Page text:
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    Re: Status of Celestial Nav in 2015
    From: Bob Goethe
    Date: 2015 Mar 10, 10:36 -0700

    Good morning, Francis (or in the UK, good afternoon).

    >>More scary, your link mentions you can buy a GPS jammer for £20!  <<

    Indeed!  Could be a problem for us all if very many people start carrying these things around in their cars.

    The North Koreans have mounted big jammers on the backs of trucks and then will knock out all GPS in South Korea for a week or two at a time, just for the sheer joy of it.  They are kind of like an whimsical adolescent that spray paints the walls of buildings downtown...except they have ballistic missiles and nukes.


    Whether they develop the means and the motivation to launch a big jammer into orbit over the Pacific basin is something one can only speculate about.  One might think the Americans et al would treat that as an act of war, and that this would warn them off...but you simply can't count on the North Koreans to be completely rational.

    Part of the response to their behavior by South Korea is to build out an eLoran system as a backup to GPS.  Britain is also doing this.  The US is putting all its eggs into the GPS basket.  I have no idea what we are doing in Canada....

    But regardless, eLoran is only of use on dry land or in coastal waters.

    >>Keep practicing those sun sights, that’s what I say!<<

    I think so!!  For myself, I prefer not to risk the safety of boat and life on the continued rationality of the North Koreans and the Iranians...and particularly insofar as I simply ENJOY celestial navigating anyway. 

    As I ponder the fate of Scottish fishermen and others who put 100% of their faith in GPS alone for navigation (possibly not even keeping fixes in a log as a basis for doing ded reckoning if the need arises), I think back to the words of Clint Eastwood in the first "Dirty Harry" movie:  "Do you feel lucky?  Well...do you?"

    >>I also have a relatively  cheap Rotary Chinese made  mechanical watch .Auto wind, water proof to 50m and  if you wear it continuously,(presumably gives constant temperature)  keeps very constant rate +25secs per day. <<

    Since you talked about protecting three digital watches in a Faraday cage, I have pondered what ought to be the prudent sailor's strategy for timekeeping.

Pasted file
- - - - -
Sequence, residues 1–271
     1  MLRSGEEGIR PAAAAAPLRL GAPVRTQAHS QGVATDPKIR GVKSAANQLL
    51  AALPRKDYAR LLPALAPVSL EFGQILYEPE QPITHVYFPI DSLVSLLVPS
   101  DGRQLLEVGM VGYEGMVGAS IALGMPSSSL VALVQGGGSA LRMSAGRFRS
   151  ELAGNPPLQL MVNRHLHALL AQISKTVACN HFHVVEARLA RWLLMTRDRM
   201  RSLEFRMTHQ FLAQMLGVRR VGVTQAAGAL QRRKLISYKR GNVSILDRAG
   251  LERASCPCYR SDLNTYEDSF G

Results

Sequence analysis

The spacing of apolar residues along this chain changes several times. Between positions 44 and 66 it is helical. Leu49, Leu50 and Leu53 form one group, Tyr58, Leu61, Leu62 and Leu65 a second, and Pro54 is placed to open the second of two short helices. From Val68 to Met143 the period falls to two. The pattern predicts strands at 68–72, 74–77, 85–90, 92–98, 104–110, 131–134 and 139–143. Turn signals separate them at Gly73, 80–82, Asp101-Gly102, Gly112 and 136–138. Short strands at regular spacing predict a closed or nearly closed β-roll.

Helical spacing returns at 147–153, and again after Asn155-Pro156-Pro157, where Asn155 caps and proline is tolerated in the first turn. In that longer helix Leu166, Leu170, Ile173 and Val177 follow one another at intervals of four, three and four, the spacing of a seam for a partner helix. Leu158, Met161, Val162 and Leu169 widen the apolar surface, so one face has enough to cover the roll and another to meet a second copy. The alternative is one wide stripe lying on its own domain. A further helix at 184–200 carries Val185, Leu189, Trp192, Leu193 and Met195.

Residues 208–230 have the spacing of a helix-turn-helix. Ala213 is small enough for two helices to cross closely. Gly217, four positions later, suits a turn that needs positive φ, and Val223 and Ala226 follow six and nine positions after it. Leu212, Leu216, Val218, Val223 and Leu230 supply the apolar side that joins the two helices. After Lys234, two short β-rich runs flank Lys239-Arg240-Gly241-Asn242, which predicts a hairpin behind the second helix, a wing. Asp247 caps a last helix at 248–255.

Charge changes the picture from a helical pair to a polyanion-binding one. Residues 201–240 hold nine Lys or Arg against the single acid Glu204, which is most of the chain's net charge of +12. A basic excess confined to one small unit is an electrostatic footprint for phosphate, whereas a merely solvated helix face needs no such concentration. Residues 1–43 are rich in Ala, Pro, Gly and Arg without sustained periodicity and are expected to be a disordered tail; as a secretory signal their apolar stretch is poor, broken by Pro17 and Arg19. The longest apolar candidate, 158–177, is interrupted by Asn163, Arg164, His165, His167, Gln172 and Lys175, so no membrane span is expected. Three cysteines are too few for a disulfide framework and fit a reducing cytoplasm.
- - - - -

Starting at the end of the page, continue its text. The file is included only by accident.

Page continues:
Although I have discussed Faraday cages with a fellow in my church who holds a PhD in electrical engineering...and know that they SHOULD work, even if the lightning strike I experience is "the big one", I think I am going to be a suspenders-AND-a-belt kind of guy.  Protect one or more digital watches in a Faraday cage/box, and ensure that I have rated a mechanical watch aboard as well.  It is cheap-and-easy insurance.

    >>Re Faraday cages: I use ex army aluminium mess tins, very cheaply available in UK. <<


    We just need to ensure that we have no breaks in our metal enclosures.  If the lid of the tin doesn't fit snugly, then you might want to wrap your neoprene in aluminum foil, so you still get those electronics>insulator>conductor layers working for you. 

    If there are openings (if you were using a wire mesh for your Faraday cage, or a lid of a metal box that doesn't quite fit) that can be OK.  You will notice that the mesh in the door of your microwave oven has openings large enough to see the food inside.

    But the shorter the wavelength, the smaller your mesh has to be.  My engineer friend didn't know what the wavelength of lightning's EMP might be, but thought it might be "pretty broad ranged."  So keeping a tight seal in your lid is probably a good idea.

    >>How goes mechanical watches in a lightning strike?  <<

    I think they are pretty robust in this respect.  A lightning strike is a transitory event.  It can do a lot of damage to electronic devices for which 1 millisecond is a long time, but there is not much that can happen to mechnical devices (like watches and sextants) as long as they stay clear of the direct path of the current.



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